We asked Ian Keatley to give us some insight into the choir at Southwark Cathedral, and his role as Director of Music. The choir is taking part in our 366th Festival Service from St Paul's Cathedral, available from 6pm on 11 May 2021.
History of the choir
The earliest mention of any musical activity at Southwark (then an Augustinian Priory) is in 1365 when one Nicholas Le Clerk was appointed to teach boys to sing and read. In 1456, the parish records include a payment made to the ‘theatrical children’ at St Saviour’s (as it was then known). The first direct reference to professional singers is in 1569 when a certain Brian Pattinson, one of the vestry clerks, helped himself to the huge sum of £20 from funds to pay the Choir. He was dismissed and replaced by a successor ‘who shall be a good bass’.
The Choir prospered during Shakespeare’s day when Southwark was the entertainment centre and ‘red light’ district of London. Its streets were full of cheap hotels, taverns, brothels, gambling haunts and theatres. Shakespeare’s troupe of actors lodged here and the tombstone of his brother Edmond Shakespeare, who was an actor in the company, lies between the choir stalls in the Cathedral. It is not unreasonable to suppose that the Church’s singing boys would have been recruited as child actors and singers in Shakespeare’s plays.
St Saviour’s Church became the Cathedral for the newly formed Diocese of Southwark in 1905 and has boasted a fine Choir of boys and men for many years, offering pupils at day schools, both independent and state, the opportunity to learn music in the unique English choral tradition. As part of the Millennium Project, marking the year 2000, Southwark Cathedral Girls’ Choir was formed, on similar lines to the Boys’ Choir, to enrich the Cathedral’s musical heritage and to offer the same opportunity for musical, spiritual and social development which the boys have enjoyed for so long.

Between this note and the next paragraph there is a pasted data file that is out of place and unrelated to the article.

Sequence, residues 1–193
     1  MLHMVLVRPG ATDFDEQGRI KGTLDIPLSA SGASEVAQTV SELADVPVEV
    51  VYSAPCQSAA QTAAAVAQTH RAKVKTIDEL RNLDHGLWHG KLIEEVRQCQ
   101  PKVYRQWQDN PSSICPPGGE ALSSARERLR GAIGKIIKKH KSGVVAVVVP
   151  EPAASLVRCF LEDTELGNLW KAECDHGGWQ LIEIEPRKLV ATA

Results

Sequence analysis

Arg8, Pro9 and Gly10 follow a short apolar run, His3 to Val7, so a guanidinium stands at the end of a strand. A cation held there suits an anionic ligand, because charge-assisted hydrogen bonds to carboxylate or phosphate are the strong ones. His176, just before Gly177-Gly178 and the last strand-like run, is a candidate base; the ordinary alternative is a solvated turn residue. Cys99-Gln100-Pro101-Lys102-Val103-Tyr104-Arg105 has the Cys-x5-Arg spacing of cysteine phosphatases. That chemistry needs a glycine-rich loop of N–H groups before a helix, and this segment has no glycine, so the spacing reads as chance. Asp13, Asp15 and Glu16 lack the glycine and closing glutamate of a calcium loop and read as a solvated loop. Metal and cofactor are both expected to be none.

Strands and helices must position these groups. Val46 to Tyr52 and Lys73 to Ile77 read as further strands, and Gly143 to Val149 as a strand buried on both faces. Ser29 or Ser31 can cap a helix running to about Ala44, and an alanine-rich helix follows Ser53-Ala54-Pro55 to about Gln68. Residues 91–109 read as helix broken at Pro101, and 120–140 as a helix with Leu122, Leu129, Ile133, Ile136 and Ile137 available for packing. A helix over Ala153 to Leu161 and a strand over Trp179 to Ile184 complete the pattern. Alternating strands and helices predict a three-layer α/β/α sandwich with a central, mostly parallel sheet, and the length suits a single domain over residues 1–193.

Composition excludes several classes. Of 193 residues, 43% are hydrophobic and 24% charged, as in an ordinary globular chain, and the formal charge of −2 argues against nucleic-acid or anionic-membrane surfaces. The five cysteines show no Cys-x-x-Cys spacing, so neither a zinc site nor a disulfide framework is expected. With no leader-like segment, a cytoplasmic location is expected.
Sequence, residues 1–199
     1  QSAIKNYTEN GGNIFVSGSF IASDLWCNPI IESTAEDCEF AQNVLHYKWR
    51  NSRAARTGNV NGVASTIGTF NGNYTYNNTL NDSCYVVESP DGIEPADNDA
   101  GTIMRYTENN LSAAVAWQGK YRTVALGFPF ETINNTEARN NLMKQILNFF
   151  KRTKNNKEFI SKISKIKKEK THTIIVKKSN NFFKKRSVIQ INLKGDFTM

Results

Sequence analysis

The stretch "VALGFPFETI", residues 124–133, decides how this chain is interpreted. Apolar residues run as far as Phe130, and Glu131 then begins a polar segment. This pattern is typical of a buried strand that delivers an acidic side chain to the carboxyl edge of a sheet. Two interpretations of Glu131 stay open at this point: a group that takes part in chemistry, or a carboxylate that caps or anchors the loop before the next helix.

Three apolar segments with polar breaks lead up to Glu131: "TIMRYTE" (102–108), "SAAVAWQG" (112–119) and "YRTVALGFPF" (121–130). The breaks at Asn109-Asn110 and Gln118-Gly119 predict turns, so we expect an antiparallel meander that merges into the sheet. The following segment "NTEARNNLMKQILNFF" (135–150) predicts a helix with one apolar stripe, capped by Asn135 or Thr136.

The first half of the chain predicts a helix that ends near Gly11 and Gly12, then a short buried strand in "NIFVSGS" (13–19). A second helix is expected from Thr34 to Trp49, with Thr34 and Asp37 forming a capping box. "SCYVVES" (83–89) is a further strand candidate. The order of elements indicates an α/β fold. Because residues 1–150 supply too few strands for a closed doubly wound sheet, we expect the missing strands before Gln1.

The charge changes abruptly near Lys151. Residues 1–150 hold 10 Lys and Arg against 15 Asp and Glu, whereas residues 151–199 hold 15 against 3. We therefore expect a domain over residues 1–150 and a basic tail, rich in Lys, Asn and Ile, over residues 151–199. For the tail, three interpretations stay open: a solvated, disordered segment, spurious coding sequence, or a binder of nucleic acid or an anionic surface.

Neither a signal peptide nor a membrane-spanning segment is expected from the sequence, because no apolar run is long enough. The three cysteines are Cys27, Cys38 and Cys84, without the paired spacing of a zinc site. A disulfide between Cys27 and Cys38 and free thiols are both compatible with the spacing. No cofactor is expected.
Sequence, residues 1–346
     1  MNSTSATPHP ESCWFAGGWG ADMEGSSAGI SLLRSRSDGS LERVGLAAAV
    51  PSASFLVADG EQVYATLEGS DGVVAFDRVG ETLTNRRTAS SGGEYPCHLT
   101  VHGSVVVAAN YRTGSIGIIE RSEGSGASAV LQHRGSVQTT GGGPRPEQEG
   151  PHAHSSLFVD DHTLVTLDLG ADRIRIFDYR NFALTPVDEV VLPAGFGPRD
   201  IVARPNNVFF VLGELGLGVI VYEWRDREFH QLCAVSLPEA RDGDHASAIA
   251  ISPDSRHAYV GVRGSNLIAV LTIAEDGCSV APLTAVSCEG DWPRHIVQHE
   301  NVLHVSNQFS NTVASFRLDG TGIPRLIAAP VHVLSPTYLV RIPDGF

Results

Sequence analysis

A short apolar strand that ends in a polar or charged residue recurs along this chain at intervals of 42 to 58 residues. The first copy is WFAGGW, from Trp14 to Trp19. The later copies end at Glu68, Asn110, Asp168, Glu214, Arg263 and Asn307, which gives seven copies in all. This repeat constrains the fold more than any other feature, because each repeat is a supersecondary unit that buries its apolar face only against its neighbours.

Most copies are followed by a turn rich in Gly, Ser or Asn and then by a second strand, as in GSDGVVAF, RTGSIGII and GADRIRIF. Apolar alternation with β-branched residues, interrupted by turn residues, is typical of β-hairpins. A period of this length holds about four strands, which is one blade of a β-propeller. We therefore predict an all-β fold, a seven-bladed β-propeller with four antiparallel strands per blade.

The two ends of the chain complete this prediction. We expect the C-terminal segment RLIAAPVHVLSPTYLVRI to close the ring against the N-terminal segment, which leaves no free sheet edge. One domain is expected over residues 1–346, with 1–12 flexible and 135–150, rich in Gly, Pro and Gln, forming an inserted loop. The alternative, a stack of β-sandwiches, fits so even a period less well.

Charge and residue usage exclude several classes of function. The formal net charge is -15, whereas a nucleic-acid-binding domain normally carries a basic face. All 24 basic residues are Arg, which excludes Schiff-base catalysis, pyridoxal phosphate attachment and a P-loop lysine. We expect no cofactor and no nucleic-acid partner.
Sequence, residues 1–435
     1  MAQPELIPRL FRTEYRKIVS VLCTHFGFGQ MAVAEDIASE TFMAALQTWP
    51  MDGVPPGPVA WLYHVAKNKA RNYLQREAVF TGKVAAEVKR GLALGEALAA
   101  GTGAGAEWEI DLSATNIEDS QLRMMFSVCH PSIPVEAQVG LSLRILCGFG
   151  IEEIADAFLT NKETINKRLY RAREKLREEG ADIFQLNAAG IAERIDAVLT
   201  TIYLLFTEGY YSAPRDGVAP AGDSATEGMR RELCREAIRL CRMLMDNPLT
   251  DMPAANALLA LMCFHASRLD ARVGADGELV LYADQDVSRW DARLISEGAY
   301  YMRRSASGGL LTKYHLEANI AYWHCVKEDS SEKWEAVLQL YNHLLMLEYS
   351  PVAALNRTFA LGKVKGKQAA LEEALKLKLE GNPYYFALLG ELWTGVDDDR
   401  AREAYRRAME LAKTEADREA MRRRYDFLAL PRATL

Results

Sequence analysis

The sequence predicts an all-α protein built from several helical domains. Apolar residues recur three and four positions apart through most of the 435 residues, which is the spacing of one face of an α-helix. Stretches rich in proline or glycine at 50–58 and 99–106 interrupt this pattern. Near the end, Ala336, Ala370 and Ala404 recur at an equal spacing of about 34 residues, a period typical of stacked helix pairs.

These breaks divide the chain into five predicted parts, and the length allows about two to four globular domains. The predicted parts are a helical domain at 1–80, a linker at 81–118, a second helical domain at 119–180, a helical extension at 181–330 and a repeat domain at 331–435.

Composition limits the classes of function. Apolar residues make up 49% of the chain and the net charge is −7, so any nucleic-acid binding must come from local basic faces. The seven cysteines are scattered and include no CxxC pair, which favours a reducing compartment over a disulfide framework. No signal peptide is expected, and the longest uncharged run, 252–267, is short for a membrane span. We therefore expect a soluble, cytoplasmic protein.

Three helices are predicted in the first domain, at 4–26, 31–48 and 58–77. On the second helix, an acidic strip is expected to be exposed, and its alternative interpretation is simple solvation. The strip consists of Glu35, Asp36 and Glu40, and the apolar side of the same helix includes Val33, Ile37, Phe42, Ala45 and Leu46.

Where did your passion for choral music start?
My passion for choral music began during my time as a chorister at a parish church in Belfast. When I was 11 years old my choirmaster created an opportunity for me to travel to England to sing with the choristers of St Albans Abbey for a week under the direction of Barry Rose. This was to be a formative experience for me. I was awestruck by the sound of the Abbey choristers. I found Barry’s choral direction mesmerising and it sparked in me a love of singing and an appreciation for our great Anglican choral tradition.
Can you share a special moment for you and the choir?
During my second term as Director of Music at Southwark in February 2020, the boys and men took part in filming of ‘The Crown’ for Netflix. The full cast was part of the filming and our choristers enjoyed meeting stars of stage and screen including Olivia Colman and Helena Bonham Carter. Netflix released season four of The Crown in the UK in November 2020.
What makes Southwark’s choir special?
When Alexander Armstrong addressed a congregation supporting the Diamond Fund for Choristers at St Paul’s Cathedral in 2016 he described 'the tremendous privilege of choristership: the single greatest leg-up a child can be given in life.'
This idea of providing a leg-up is important to us at Southwark Cathedral. Southwark is one of a number of English cathedrals that does not enjoy the luxury of a choir school. This enables us to reach out far and wide and engage with ethnically and socio-economically diverse communities in south London. We offer pupils at day schools, both state and independent, the opportunity to learn music in the great Anglican choral tradition.
How does choral music fit into the life of Southwark cathedral?
Choral music is at the heart of the worshipping life of Southwark Cathedral. Our Cathedral Choir sings for daily worship and for special services and national occasions. Through our work with chorister families we extend our outreach to richly diverse communities in south London and beyond.
Why did you want to take part in the 2021 Festival Service?
I had been aware of the important work of the Clergy Support Trust for many years. I was delighted when Andrew Carwood got in touch to say we had been invited. We were very excited to sing with the choirs of St Paul’s and Liverpool cathedrals to support the charitable work of the Clergy Support Trust.
I think we can be proud of the way in which our cathedrals have responded to the challenges of the global pandemic. At Southwark we have been running online Zoom rehearsals to maintain contact with our chorister families throughout lockdown. At the same time we found new ways of supporting online worship by recording from our own homes last year. I’m glad we were able to take part in an online festival service this year.
Southwark Cathedral's choir at the Festival
Available, for free, from 6pm on Tuesday 11 May 2021 and about a month thereafter. Please share this choral celebration, which we believe to be the oldest in the world, with your family and friends.
We would also like to thank Hodges the Cat for kindly allowing the filming of the choir, and for not singing with them.